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Canmore's Land Use Bylaw passes first reading

With two years of work behind it the rewrite of Canmore’s Land Use Bylaw almost didn’t make it past first reading this week.

With two years of work behind it the rewrite of Canmore’s Land Use Bylaw almost didn’t make it past first reading this week.

Councillor Hans Helder proposed a motion to postpone the major statutory planning document until after council has an opportunity to discuss it at an upcoming planning session.

“One thing I have noticed during this discussion… is there is potential for substantial revision to this bylaw during first reading,” Helder said. “It is not as much what the Land Use Bylaw does but what it did not take the opportunity to do.

“This is an opportunity to reframe some of the the work currently in the bylaw to allow for a more future oriented approach for land that has yet to be developed.”

Mayor Ron Casey, however, objected to any delay and the notion of philosophically changing the bylaw after the amount of work that has gone into it.

“This is not about being confident with every word, line and sentence in this document,” he said adding moving forward with first reading is not rushing the process. “This will go on for months and I don’t have a clear idea of what we are postponing for.”

The motion was defeated after some debate and first reading passed with Councillors Ed Russell and Helder voting against it. Coun. John Borrowman was absent from the meeting.

A public hearing is scheduled for March 22 at 6 p.m. at the Civic Centre.

The current LUB was passed in 1999 but as a living document has seen numerous amendments to it over the past 12 years.

Usually the bylaw would be updated and comprehensively rewritten after the Municipal Development Plan, also a statutory planning document, goes through the same process.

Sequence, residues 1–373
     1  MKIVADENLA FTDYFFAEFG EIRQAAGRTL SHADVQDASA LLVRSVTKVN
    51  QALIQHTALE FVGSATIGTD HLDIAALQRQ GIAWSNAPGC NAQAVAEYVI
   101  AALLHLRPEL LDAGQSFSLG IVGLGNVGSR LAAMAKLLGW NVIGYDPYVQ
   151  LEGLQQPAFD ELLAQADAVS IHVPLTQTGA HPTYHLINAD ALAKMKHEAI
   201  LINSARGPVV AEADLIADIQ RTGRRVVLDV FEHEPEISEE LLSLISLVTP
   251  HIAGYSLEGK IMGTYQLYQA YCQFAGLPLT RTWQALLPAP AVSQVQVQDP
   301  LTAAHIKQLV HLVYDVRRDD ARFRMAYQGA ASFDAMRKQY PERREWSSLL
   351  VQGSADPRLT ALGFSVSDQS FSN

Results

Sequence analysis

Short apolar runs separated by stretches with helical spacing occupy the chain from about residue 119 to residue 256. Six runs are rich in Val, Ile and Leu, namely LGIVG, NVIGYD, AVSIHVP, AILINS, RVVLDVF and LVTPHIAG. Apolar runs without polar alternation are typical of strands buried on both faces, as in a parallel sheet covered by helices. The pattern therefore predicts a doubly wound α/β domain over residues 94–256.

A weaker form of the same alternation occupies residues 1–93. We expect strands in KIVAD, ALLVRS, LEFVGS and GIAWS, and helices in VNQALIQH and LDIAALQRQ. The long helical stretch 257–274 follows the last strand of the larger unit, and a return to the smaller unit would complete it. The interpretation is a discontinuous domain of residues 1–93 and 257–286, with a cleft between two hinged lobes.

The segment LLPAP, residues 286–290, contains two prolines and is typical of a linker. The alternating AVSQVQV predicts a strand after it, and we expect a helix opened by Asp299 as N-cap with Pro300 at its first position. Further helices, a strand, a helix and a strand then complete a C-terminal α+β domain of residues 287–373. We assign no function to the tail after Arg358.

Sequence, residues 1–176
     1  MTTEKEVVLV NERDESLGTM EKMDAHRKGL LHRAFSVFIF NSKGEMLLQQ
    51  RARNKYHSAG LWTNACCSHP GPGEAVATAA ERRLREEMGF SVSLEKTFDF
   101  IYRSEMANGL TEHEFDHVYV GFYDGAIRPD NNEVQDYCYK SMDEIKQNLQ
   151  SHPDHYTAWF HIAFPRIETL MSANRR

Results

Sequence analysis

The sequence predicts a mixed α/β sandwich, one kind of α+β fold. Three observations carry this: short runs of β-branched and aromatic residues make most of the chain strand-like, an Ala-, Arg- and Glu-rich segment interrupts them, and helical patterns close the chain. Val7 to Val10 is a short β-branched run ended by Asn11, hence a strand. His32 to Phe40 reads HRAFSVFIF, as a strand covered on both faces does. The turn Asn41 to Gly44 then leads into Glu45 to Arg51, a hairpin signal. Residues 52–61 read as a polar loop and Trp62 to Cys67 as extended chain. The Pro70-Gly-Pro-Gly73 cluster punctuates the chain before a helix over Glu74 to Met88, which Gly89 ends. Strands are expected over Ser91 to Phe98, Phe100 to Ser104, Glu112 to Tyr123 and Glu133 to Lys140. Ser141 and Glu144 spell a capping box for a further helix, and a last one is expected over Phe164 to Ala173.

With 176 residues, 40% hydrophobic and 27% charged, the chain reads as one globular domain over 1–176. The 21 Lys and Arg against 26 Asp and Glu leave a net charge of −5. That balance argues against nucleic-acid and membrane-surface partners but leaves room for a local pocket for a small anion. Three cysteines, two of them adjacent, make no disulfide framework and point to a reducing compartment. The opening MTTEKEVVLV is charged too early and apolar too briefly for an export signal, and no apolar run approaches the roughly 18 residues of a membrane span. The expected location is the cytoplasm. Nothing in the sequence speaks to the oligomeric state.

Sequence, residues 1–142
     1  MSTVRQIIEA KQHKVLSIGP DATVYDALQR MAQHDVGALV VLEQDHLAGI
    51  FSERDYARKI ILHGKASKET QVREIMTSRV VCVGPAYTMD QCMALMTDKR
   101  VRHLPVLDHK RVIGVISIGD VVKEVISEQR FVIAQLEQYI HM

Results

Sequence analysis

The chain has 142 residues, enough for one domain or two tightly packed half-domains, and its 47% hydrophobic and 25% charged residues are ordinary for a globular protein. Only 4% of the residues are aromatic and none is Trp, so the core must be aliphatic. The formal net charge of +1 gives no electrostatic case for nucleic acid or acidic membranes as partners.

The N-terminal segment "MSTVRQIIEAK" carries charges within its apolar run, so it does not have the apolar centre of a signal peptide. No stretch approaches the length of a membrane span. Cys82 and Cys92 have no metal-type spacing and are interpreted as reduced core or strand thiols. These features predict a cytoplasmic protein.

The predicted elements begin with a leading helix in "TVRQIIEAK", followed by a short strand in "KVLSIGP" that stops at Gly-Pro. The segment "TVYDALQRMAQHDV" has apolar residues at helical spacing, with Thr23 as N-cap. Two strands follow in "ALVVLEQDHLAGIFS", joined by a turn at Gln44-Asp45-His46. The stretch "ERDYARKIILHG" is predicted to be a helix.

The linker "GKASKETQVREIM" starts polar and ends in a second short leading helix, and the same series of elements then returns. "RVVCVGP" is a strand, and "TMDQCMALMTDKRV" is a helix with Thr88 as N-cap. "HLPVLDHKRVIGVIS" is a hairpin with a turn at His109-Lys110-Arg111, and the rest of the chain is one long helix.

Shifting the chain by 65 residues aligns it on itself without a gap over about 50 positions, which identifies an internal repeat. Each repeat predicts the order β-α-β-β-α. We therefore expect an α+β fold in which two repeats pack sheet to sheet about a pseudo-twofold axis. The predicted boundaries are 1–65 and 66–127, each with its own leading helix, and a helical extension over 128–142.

Canmore’s current MDP was passed in 1998 and the rewrite of that document, also known as the Community Sustainability Plan, was rescinded by council in 2009 after two years of community consultations. It was scrapped when it faced legal challenges after council voted to remove Three Sisters Mountain Village lands from the Urban Growth Boundary.

The lack of an updated MDP was acutely felt by council as it reviewed the Land Use Bylaw this week.

In place of an updated MDP/CSP, the bylaw referenced a number of documents that have been accepted by council but are non-statutory like the Town Centre Enhancement Plan, Mining the Future and the Comprehensive Housing Action Plan.

Helder questioned whether referencing such documents changes their legal standing.

“I think this needs to be revisited as to whether or not it gives those documents some implied statutory importance,” he said.

Casey said non-stautuory plans provide policy direction to administration and should be included.

“In the absence of an updated MDP we are going to have to put some emphasis on those reference documents,” said the mayor.

One of the major issues in the document, and that surfaced during council discussion, was the inclusion of secondary suites.

The bylaw proposes to allow suites in single family home districts where there is both street and lane access to a property.

Senior planner Steve de Keijzer said due to concerns expressed by the community last year during consultations the proposal to allow suites in all single family districts was changed.

In the proposed bylaw there are 600 single family homes in Canmore that meet that requirement and additional restrictions allowing only 10 per cent to put in a suite means at most the change could see 60 suites added.

The land use bylaw, rewrite includes a number of other significant changes.

It proposes to make offices a discretionary use on the main floor in the Town Centre District. It also addresses seasonal or temporary businesses in the downtown.

It proposes to require notification of certain types of development permit applications prior to a decision and restrict the variance powers of development officers and the Canmore Planning Commission.

It proposes to allow employee housing in industrial areas if certain criteria are met. Density bonuses are also addressed in the bylaw in exchange for perpetually affordable housing.

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